By Kyle Stewart and Aidan Quigley
Two weeks before the election, David Bravo-Cullen, the chairman of the Dryden Republicans, was driving around New York’s Adirondack region and caught hold of an interesting phenomenon: an abundance of signs supporting Republican nominee Donald Trump and none supporting Democratic nominee Hillary Clinton.
Bravo-Cullen and other rural white voters, helped propel Trump to a shocking upset win on election day.
“I think they didn’t like the direction the country has been heading for the last few years, and the way the Democratic candidate was wanting to continue that direction,” he said. “I think a lot of people wanted something different, they wanted a little more say, control, prosperity.”
There was a clear divide between rural and urban voters in the election. Trump won 62 percent of voters in rural America, while Clinton won 34 percent. In the suburbs, Trump won a 50 percent to 45 percent victory, while Clinton won in the cities 59 percent to 35 percent.
Ann-Marie Adams, a lecturer in the Department of Strategic Communications at Ithaca College and a government and public affairs specialist, said rural voters helped give Trump to his victory.
“We have a lot of individuals in the United States who have not necessarily felt the benefits of past administrations,” she said. “I think if we look at what the Trump campaign took advantage of, which I thought was a great strategy, is what do these people need? What are they looking for? What can we do for them?”
A surge in white rural voters in industrial, Midwestern states helped propel Trump to his victory in the electoral college which gave him the presidency, as Trump won the states of Pennsylvania, Michigan and Wisconsin, which were long considered to be Democratic strongholds. For example, the Wyoming River Valley of Pennsylvania, which includes Scranton and Wilkes Barre, voted for Trump after voting for Obama by double digits in 2012.
The over-confidence in a Clinton win before the election was, in part, due to the number of white working-class voters over age 45 being underestimated by around 10 million, according to the New York Times.
A wide range of factors contributed to Trump’s win, said Richard Bensel, a professor in the Department of Government at Cornell University. The Republican primary was essentially a rebellion of the party’s base against its elites, he said, as they had not gotten a roll-back of liberal social policy they were seeking nor the benefits of top-down economic policy.
“That Proletarian base got neither one,” he said. “They didn’t get the achievements in social issues and they didn’t get trickle down benefits in economic policy.”
Trump’s brash style appealed to these voters, Bensel said.
“Whatever else you think about Donald Trump, he’s authentic,” he said. “He was not afraid, he’s still not afraid, to say whatevers on his mind. And in doing that, that authenticity contrasted quite a bit with the establishment candidates.”
Although Bravo-Cullen originally supported Ted Cruz in the Republican primary, he said he was attracted to Trump’s stances on national security.
“As a businessman, as a big businessman, he has those skills,” he said. “The negotiating skills, the leadership skills, the ability to figure out if somebody’s going to be good for something or some issue, and he’s decisive.”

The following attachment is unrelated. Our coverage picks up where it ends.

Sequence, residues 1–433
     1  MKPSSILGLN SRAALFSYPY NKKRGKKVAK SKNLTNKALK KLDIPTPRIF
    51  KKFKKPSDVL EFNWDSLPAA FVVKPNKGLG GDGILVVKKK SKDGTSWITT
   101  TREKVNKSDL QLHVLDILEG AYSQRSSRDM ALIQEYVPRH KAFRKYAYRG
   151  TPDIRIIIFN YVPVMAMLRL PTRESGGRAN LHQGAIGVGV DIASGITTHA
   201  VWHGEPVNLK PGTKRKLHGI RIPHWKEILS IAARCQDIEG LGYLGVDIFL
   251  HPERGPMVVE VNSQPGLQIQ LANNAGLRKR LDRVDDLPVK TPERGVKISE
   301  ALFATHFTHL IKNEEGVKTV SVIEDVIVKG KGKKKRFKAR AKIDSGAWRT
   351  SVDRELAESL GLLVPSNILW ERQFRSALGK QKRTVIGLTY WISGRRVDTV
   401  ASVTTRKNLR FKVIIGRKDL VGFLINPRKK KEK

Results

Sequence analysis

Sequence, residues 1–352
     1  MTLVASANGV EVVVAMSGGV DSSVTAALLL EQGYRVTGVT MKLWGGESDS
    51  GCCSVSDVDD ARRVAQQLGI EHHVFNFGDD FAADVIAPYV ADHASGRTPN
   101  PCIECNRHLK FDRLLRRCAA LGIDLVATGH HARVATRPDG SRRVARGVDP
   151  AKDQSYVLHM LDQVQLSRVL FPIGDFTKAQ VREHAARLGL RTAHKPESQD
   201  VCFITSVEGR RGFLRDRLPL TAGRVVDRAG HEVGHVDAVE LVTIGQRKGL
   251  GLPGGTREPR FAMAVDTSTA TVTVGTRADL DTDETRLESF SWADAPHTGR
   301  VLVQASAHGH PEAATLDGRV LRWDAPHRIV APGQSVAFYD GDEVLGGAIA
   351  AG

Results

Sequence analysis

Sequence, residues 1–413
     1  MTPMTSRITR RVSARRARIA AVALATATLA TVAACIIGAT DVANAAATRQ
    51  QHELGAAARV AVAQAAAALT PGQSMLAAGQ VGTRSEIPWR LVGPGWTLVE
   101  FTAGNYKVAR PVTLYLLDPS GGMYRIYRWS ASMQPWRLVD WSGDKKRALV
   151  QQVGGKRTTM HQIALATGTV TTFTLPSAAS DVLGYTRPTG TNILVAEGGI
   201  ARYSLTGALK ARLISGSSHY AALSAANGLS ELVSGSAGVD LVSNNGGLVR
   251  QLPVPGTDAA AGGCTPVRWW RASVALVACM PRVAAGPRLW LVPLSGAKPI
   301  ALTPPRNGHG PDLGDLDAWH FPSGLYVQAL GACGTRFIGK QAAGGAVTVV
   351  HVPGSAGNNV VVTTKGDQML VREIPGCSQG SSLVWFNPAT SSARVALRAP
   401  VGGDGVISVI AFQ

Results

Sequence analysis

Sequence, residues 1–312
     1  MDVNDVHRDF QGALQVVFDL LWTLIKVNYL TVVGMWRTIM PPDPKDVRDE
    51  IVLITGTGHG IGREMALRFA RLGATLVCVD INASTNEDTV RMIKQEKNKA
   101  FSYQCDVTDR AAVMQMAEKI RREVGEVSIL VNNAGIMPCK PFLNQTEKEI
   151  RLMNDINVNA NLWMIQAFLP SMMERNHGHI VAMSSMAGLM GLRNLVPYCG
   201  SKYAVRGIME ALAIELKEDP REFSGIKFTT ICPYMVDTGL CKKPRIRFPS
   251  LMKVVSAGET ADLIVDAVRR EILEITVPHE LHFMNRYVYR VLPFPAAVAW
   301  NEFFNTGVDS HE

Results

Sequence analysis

Whites in rural areas are much more likely than whites in urban areas to say that jobs are hard to find in their communities, with 69 percent of whites in rural areas saying jobs are hard to find while only 45 percent of whites in urban areas agreed, according to Pew Research Center. Rural voters also tended to be more concerned about immigration and jobs being available to their children than urban voters.
Michael Carinha, a freshman at Ithaca College from Brewster, New York, voted for Trump. Although he had serious reservations about Trump, as a conservative he felt the need to vote for Trump.
“I think his Supreme Court picks would definitely have been the strongest reason, if not the only reason, I voted for him in the first place,” he said.
It’s important to look at how rural voters consume media, Adams said, when considering their voting choices. She said areas with low volume of wifi access and digital capacity have less access to information as those in more urban areas.
“I think we’re just in this gap where some of these areas don’t have access or aren’t aware of the points that they can grab information through the internet,” she said. “Eventually that won’t be such a disparity. You’ll see everyone grabbing from this large new era of opportunity to gain access to information. We’re just not at that point yet.”
Bensel points to the “brain drain” of individuals from rural areas to the cities as contributing to the stark difference between rural and urban voters in the election.
“Being in the cities attracts higher-education people, more professional people, skilled labor,” he said.”
Since the 1950s, college-educated people have been leaving rural areas and moving to cities, which has led to rural areas having a lower income level and more economic distress than the rest of the country. This has also led to a population decrease in these areas.
“That’s been taking talent and college educated people out of rural areas for a long time, and they’ve been depressed economically,” he said.
Carinha said living in New York, most students at Ithaca College don’t realize how conservative the rest of the country is as they live on the liberal coasts. This contributed to the shock on campus and in the Ithaca community after Trump won the election.
“That’s actually what a majority of America is, and we don’t realize it because we’re on the coasts, which are very Democratic, so we have a very different perspective compared to the rest of the country where a lot of it is suburban and rural,” he said.
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